It's probably a little difficult nowadays to run into someone who would think that Johnny Depp could be back in form, especially after years of box office fizzles and flops. Now, that idea doesn't sound so crazy. This gangster thriller showcases Depp's diverse talent as well as showing a dark yet human picture of mobster James "Whitey" Bulger. And even though it may not reach the heights some hoped it might, it still brings a heck of a punch.
The interesting and somewhat refreshing part of this film is that it's not strictly a biopic nor an origin story. It starts off in the 1970s, Bulger already being a massive power in the streets of South Boston. It takes us through the years of his dealings with rival figureheads and gangs, not to mention crooked cops. But Bulger isn't always the key player in this crime story. John Connolly (Joel Edgerton), an FBI agent, becomes involved with Bulger by allowing him to become an informant to help take down other public enemies of the area. It shows how this true story unfolded from both sides. Billy (Benedict Cumberbatch), Whitey's brother, is on the opposite side of the spectrum from his violent sibling. He's a prominent politician, trying his best to handle what his brother stands for in the city. And as those two worlds collide, quite a flame sparks up.
One of the things that this film does right is the constant presence of Whitey on screen. And that's mainly because of Depp's incredible performance. He finds every nuance, every inflection, every glare that always makes Whitey the most terrifying character on screen. On the other side, Edgerton's performance is more subtle and casual, creating an interesting balance between the two leads. But while the performances are good across the board, there's just something lacking within the narrative. Director Scott Cooper, known for "Out of the Furnace" and "Crazy Heart," is skilled at getting the best from the cast, just not always from the story itself. The pacing comes and goes with this one. The first act felt incredibly well-paced and defined, it was just when the second act came around when there were moderate lags that often became a little tiresome.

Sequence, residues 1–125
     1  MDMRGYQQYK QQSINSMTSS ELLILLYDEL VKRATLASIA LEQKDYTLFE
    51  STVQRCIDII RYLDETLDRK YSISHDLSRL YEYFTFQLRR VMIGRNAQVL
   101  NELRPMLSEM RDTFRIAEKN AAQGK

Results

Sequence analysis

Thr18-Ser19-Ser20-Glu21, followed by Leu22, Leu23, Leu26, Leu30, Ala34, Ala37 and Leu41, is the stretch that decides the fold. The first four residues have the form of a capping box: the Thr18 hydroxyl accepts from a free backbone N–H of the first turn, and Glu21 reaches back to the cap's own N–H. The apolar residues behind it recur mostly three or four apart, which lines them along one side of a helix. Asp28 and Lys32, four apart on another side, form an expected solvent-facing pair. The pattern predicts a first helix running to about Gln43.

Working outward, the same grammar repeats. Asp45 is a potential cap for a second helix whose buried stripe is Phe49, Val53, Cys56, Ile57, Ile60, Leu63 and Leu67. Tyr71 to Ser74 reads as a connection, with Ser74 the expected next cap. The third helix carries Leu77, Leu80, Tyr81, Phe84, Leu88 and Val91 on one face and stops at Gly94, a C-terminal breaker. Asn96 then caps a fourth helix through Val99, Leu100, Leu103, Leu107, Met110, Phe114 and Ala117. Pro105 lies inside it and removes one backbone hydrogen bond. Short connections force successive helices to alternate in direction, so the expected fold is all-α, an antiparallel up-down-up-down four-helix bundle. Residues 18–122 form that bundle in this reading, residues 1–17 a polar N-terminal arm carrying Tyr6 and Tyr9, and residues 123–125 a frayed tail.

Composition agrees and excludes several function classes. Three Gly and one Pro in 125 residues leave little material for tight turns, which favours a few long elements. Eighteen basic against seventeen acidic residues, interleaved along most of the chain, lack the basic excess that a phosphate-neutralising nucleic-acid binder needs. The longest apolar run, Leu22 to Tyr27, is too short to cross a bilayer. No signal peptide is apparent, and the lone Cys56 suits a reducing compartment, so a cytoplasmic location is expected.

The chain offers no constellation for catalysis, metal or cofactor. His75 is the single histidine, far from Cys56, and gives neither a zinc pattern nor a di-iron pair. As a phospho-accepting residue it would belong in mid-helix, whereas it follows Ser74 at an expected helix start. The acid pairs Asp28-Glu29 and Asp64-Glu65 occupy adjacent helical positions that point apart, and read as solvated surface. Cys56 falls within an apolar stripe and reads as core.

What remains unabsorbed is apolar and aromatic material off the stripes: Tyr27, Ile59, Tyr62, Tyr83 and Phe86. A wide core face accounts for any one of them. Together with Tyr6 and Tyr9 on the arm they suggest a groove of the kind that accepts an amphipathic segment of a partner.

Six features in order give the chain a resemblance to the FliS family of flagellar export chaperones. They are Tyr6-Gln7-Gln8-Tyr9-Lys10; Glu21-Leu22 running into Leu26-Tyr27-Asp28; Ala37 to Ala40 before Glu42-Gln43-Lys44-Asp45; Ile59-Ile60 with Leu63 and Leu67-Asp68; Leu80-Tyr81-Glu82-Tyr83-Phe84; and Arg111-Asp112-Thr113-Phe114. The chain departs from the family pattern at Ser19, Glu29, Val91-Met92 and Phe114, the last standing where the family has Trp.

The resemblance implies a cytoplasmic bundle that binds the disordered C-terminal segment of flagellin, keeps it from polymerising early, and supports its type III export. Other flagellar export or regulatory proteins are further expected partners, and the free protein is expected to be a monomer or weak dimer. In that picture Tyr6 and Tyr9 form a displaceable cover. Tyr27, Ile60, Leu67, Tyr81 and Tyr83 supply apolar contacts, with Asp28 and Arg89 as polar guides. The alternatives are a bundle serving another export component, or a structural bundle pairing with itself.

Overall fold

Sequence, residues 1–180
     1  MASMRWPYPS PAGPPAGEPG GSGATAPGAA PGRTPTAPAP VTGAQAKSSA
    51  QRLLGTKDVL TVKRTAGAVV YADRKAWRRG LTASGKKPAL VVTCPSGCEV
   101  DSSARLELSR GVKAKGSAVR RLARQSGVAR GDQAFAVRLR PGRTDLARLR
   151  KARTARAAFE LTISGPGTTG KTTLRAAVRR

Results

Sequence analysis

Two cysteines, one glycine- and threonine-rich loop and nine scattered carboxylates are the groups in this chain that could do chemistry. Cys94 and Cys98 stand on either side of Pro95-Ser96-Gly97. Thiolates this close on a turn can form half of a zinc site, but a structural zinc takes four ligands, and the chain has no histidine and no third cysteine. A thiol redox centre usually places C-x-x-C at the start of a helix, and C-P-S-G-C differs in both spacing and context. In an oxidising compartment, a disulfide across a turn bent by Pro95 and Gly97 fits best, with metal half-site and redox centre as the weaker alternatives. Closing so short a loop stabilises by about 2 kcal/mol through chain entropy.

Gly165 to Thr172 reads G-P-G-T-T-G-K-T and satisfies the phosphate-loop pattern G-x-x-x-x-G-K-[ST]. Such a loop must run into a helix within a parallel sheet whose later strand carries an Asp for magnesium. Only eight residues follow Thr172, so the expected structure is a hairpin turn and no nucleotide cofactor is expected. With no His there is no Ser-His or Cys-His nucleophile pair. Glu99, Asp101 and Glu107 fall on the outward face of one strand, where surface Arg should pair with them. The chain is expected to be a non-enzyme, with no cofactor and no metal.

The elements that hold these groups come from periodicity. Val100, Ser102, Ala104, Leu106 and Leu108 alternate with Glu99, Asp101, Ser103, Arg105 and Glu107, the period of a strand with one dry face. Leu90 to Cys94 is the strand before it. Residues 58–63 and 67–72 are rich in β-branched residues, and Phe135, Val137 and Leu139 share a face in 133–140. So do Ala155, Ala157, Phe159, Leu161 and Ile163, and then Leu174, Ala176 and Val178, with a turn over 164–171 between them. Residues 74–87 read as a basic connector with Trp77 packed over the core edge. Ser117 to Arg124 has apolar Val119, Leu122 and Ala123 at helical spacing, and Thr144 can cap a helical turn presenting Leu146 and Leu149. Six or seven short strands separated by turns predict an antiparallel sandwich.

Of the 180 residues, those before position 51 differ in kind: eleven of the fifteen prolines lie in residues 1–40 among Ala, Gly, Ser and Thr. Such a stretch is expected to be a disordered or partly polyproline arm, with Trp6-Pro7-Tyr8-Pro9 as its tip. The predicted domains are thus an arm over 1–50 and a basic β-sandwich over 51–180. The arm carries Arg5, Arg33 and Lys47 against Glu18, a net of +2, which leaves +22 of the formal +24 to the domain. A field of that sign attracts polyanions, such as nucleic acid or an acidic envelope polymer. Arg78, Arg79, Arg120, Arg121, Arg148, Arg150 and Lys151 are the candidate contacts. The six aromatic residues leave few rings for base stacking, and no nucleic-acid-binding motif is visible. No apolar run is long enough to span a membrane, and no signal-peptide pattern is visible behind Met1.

Cooper seems as though he wants to be a little like Scorsese by telling intimately dark stories of criminals, capturing their psychology and human nature even with their many heinous acts. But Cooper sometimes lacks making them feel fresh and compelling. But luckily, the narrative heft of this one makes up for it. As we follow Whitey through many years of his life, we get to go deeper into is mind, which are often places we would rather not visit. And Whitey's frequent dealings with Connolly are always fascinating in how they play out. Connolly jumps from good to bad, helpful to reckless, and just never seems to find the right ground to stand on.
It's grim, it's tragic, it's human. And while this film isn't a groundbreaking gangster drama, it often gets pretty darn close. It feels genuine enough to set itself apart from other films of the genre that have popped up over the past few years, especially with the mesmerizing Depp leading the bloody parade. It should entertain as well as frighten, probably giving more nightmares than tears.